The federal guidelines recommend against large group gatherings and urge older people and anyone with existing health problems to stay at home.
People are urged to work at home when possible and avoid restaurants, bars, non-essential travel and shopping trips.
Many states and local governments already have stiffer controls in place on movement and gatherings.
The US had more than 137,000 Covid-19 cases reported by late Sunday afternoon, with more than 2,400 deaths.
Coronavirus fake news unit ‘dealing with 10 stories a day’
The government’s unit to tackle fake news about coronavirus is dealing with as many as 10 articles a day.
The Rapid Response Unit – which operates from within the Cabinet Office and No.10 – coordinates with departments across Whitehall to deploy the appropriate response when misinformation is identified online.
Up to 70 incidents a week, often false narratives containing multiple misleading claims, are being identified and resolved, the government said.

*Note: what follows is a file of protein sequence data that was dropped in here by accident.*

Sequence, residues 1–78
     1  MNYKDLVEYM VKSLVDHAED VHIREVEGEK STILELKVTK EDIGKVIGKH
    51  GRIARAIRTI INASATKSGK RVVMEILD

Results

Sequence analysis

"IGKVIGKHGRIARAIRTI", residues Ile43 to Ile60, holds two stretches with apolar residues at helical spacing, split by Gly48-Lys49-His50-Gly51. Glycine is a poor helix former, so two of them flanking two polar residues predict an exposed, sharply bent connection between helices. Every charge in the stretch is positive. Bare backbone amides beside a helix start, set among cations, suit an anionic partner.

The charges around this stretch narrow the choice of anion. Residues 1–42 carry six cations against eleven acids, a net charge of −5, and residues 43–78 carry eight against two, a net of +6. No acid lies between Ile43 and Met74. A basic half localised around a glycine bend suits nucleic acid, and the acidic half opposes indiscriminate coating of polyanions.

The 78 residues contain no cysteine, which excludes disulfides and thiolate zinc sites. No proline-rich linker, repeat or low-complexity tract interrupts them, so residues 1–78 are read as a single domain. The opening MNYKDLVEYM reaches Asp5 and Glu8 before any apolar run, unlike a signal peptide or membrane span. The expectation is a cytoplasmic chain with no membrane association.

In Kent, the local branch of Age UK warned about people being sent a text falsely accusing them of breaking lockdown rules and being fined £35.
Digital secretary Oliver Dowden said: “We need people to follow the advice of our medical experts so we can protect the NHS and save lives.
“But false or misleading information about coronavirus shared online could undermine our efforts.”
Meanwhile, Tory MP Damian Collins – who led the government’s investigation into disinformation and fake news – said sharing fake news about coronavirus should be an offence.
Launching his own online service to combat false stories about Covid-19, Collins said: “In some ways, this is the first public health crisis in the age of social media disinformation, and therefore it requires a different response.”
Correction: an earlier version of this article stated that deaths in Northern Ireland had increased by 22 in a day. In fact, 22 is the total number of deaths in Northern Ireland, an increase of one.
This article originally appeared on HuffPost.